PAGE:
If you recognized some of these signs and symptoms, and feel like you’re experiencing burnout, how can you prevent slipping farther down the hole and regain balance?
Burnout Prevention Tips
Actively Address the Problem
Take a proactive rather than passive approach to issues on the job to combat workplace stress. If you are employed, assert yourself and express your needs to your superior. If you own a practice, delegate some responsibilities within your office staff to lighten the administrative load. If you are in a partnership, make sure you and your partner designate specific meeting times for regular discussions of the practice to address issues before they mount. Have written guidelines and responsibilities so one person doesn’t shoulder a greater chunk of the load. Consider shifting responsibilities to ward off monotony.
Force yourself to slow down or take a vacation. Even a day or two of new scenery can offer great relief to stress or boredom. Cut back on commitments and activities that are not essential. Today children participate in many more activities than when I was young. I see parents constantly shuffling from one place to another with no down time or fun time for themselves. Actively look for carpool opportunities to lessen the driving obligations, and don’t be afraid to put limits on kids. Additionally, when community clubs and organizations request participation or volunteers, don’t be afraid to say no. I’ve learned the hard way that people quickly learn who is willing to volunteer and sometimes abuse your willingness to help.
On the flip side, however, occasionally volunteering in activities that you truly love can be an amazing experience. Doing mission work within optometry, whether it’s on a grand scale in a foreign country, or charity work for a local vision screening for an under-served population, can cast a new light on our special gifts and talents as eye doctors. It can allow us to see our daily jobs in a new light, renewing our sense of purpose.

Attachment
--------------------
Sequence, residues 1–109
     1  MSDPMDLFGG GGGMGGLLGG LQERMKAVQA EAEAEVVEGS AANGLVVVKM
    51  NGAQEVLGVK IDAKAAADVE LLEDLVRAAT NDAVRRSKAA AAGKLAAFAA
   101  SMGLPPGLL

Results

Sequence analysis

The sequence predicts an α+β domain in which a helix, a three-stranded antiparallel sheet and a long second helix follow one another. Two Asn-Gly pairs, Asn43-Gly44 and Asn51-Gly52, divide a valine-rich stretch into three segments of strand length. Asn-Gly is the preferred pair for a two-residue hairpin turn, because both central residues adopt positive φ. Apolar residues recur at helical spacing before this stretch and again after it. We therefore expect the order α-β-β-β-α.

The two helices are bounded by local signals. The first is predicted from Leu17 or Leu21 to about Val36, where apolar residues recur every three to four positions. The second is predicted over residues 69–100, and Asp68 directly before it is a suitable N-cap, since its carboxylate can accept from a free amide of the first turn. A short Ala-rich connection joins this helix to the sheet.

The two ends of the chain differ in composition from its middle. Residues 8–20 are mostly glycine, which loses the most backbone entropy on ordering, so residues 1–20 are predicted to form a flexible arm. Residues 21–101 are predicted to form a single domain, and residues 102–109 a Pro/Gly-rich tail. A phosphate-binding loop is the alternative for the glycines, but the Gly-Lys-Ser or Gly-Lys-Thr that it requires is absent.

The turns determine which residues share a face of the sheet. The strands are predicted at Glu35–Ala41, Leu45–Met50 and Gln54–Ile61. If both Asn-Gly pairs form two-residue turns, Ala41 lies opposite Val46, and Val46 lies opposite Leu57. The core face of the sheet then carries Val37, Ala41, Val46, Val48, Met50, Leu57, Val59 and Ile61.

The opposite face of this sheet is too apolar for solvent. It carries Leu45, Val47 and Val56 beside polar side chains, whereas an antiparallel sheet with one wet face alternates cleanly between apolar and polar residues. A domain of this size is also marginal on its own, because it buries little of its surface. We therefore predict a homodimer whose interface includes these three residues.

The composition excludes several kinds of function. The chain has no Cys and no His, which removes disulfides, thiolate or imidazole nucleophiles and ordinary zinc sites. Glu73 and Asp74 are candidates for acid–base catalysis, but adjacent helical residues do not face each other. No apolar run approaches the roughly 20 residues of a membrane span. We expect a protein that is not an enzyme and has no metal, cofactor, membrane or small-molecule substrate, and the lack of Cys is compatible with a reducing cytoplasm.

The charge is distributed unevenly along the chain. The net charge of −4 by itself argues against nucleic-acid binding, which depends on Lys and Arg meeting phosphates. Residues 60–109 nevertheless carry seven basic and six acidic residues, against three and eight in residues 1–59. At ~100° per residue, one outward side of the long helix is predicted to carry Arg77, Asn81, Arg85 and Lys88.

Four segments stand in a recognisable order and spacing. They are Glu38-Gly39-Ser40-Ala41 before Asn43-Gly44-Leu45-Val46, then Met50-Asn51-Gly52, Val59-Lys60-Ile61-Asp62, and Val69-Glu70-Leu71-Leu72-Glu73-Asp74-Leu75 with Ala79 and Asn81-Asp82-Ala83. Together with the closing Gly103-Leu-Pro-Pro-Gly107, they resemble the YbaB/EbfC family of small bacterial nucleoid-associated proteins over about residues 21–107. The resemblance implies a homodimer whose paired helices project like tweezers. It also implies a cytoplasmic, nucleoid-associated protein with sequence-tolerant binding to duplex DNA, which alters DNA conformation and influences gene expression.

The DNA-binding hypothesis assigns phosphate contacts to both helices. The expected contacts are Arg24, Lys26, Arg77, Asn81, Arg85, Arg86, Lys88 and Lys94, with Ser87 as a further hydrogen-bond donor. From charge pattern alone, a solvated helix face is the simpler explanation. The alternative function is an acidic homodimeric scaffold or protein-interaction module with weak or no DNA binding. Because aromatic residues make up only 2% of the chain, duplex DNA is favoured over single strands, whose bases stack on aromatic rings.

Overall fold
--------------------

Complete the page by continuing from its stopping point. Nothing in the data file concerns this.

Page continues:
Adopt a Healthy Lifestyle
A good diet, regular exercise and enough sleep will give you stamina and resilience to be the energetic and enthusiastic optometrist you once were fresh out of school.
Take a Break from Technology
Most optometrists spend an enormous amount of time looking at technology, whether it’s EHRs on an iPad or computer screen, Optos or retinal photos and office software. Then, we stare at our phones, laptops or devices at home. As eyecare professionals, we should know this is too much stress on our eyes, and yet we all do it. Additionally, the pull of social media can trap us into scrolling for hours, never mind giving our eyes or minds a break. Dedicate a time each day to truly unplug and rest.
Crate a work environment that you and your employees enjoy coming to. Having a positive, enjoyable atmosphere will boost morale and prevent both employer and employee burnout.
Optometry is a great profession, but it can be demanding both mentally and physically. Take steps to prevent job burnout, or recognize if you are at risk. Then take appropriate actions to try and regain a positive work-life balance and rediscover the joy and enthusiasm we all had as new graduates, engaged and enthusiastic about every patient encounter.